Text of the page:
Seavey and 10 dogs crossed the Nome finish line to cheering crowds at 10:39 p.m. Alaska time Tuesday.
"This is for all of the gentlemen of a certain age," he said on a live stream posted to the Iditarod website after completing the race in temperatures just above zero. His race time in the 1,000-mile race was nine days, 7 hours and 39 minutes.
Seavey's victory came after a dueling sprint against Aliy Zirkle, last year's runner-up, along the frozen, wind-whipped Bering Sea coast. Zirkle crossed the finish line 24 minutes after her rival, who greeted her after a while.
"You did a good job," Seavey told Zirkle as a camera crew filmed them. "You're going to win this thing, probably more than once."
At a news conference after the race Zirkle gave credit to her rival's strategy.
"Mitch has this ability to sit on the sidelines and refuel because he knows he needs to refuel, while everyone else is zooming by," she said. "It's smart, and that's probably why you won."
Immediately after finishing, both mushers rushed to pet their dogs, with Seavey singling out his main leader, 6-year-old Tanner, posing for photos with the dog and another leader, Taurus, wearing yellow garlands.
Zirkle's dogs wagged their tails as she praised them. "My dog team is my heart," she said.
The pair jostled for the lead, with Zirkle never more than a few miles behind, in the final stretch.
"I just now stopped looking over my shoulder," Seavey said after winning.
Also trailing by a dozen or so miles was four-time champion Jeff King, who was followed by a cluster of contenders, including Seavey's son, Dallas Seavey. The younger Seavey at age 25 last year became the youngest Iditarod winner ever, beating Zirkle to the finish line by one hour.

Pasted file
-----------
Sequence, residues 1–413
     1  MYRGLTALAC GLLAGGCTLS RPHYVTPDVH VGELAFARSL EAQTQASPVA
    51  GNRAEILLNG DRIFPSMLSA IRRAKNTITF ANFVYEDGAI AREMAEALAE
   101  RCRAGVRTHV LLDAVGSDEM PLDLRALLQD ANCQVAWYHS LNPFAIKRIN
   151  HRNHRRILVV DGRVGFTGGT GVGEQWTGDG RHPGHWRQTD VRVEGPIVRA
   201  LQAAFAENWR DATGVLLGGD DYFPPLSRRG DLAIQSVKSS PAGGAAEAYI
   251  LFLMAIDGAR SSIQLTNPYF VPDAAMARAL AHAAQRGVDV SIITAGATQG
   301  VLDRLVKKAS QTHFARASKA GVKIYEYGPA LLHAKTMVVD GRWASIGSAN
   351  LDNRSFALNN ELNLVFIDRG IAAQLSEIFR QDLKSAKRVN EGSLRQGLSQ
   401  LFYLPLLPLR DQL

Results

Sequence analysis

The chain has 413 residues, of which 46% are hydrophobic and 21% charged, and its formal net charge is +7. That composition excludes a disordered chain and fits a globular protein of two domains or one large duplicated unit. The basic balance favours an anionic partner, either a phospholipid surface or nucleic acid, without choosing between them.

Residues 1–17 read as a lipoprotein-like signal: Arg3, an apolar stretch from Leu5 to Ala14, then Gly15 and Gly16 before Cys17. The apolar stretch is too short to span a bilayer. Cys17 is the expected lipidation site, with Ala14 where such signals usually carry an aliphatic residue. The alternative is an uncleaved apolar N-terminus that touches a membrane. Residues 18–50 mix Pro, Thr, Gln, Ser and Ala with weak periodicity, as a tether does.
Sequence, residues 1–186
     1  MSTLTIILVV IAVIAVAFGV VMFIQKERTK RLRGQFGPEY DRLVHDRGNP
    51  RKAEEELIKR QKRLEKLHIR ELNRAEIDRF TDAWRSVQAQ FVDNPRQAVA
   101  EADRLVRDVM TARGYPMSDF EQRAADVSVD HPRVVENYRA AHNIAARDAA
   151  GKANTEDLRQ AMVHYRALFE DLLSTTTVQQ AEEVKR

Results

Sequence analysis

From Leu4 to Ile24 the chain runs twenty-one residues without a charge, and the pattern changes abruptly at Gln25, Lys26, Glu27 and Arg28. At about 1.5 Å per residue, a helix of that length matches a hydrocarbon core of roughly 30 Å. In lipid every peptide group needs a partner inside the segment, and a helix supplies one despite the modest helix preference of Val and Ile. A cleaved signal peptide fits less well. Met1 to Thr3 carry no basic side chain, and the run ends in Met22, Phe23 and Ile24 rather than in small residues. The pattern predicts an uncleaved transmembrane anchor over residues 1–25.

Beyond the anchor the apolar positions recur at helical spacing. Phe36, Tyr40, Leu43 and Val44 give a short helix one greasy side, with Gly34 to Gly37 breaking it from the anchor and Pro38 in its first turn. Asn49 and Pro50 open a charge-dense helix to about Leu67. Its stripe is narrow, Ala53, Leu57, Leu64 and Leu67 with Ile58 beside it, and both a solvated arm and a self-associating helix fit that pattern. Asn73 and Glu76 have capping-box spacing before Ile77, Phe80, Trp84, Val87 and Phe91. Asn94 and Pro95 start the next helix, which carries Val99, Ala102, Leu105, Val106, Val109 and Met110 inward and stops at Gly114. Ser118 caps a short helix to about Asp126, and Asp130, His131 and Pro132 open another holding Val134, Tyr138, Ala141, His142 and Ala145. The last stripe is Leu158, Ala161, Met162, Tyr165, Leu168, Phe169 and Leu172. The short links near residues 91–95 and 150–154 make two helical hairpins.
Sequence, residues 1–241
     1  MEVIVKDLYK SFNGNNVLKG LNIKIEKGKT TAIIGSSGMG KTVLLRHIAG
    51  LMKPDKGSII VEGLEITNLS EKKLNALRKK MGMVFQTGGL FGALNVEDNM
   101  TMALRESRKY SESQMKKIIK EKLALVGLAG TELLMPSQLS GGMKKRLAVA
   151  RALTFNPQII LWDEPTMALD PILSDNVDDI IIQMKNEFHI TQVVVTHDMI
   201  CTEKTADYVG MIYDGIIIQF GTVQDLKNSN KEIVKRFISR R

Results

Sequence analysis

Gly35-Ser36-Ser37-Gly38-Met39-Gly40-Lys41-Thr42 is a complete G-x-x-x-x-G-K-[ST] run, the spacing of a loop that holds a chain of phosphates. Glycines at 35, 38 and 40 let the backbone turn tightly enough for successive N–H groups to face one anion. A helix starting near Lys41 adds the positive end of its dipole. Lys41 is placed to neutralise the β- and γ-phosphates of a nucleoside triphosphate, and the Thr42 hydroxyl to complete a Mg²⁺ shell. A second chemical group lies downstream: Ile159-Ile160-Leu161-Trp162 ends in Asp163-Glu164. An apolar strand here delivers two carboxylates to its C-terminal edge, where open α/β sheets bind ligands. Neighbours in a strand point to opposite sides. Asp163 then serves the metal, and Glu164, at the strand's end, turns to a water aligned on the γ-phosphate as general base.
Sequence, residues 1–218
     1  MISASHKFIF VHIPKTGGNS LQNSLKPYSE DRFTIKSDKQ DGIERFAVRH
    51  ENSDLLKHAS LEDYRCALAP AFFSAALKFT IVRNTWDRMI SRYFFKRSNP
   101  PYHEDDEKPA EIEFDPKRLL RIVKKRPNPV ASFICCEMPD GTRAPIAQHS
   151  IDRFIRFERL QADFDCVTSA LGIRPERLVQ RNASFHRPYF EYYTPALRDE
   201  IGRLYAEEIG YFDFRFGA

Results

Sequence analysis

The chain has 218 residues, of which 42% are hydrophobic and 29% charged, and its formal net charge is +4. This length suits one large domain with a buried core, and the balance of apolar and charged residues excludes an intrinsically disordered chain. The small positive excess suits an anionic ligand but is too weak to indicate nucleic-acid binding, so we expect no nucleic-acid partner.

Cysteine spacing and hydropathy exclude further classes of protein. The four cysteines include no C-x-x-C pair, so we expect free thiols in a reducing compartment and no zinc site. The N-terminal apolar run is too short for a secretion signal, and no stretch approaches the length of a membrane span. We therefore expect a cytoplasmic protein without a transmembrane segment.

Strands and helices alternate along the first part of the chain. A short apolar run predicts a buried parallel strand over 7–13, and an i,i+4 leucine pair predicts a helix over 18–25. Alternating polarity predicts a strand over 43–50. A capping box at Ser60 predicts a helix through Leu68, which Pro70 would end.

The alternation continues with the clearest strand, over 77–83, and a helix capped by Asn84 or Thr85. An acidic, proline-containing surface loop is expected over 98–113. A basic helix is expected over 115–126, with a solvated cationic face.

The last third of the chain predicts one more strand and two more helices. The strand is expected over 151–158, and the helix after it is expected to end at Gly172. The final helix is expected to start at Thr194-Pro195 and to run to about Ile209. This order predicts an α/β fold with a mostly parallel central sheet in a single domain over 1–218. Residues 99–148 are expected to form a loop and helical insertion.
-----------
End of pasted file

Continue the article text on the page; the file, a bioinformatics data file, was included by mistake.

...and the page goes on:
Mitch Seavey first won the Iditarod in 2004. Before his Tuesday night win, King had been the oldest Iditarod champion, winning his fourth race at age 50 in 2006.
The oldies were still stellar performers in a race that ended last year with a top field featuring many finishers in their 20s and 30, noted Iditarod race spokeswoman Erin McLarnon.
"Last year, we saw a lot of those youngsters in the top 10," McLarnon said. "Some of those 45-plussers are taking back the lead this year. They are showing the young 'uns what they can really do out there on that trail."
Zirkle, 43, had hoped to be only the third woman to win the race and the first since Susan Butcher won her fourth Iditarod in 1990. Before this year's race, Zirkle noted the long time that had passed since a woman won.
"This is my 13th year, and I've wanted to win every year," she said before the race, which began March 2 with 66 teams at a ceremonial start in Anchorage. The competitive part of the race began the following day in Willow 50 miles to the north. Since then, the race changed leaders several times. Those at the front of the field included four-time champions Lance Mackey and Martin Buser, who later fell behind.
En route to Nome, the race turned into an aggressively contested run among veterans along an often punishing trail.
Conditions on the Yukon River required dogs to go through deep snow and navigate glare ice. Above-freezing temperatures also led to overflow along the trail, a potentially dangerous situation where water has pushed up through the ice and refrozen, creating a weak top layer of ice that teams and mushers can break through.
For reaching Nome first, Seavey wins $50,400 and a new 2013 Dodge Ram pickup truck. The rest of the $600,000 purse will be split among the next 29 mushers to cross the finish line under the famed burled arch on Front Street, a block from the sea.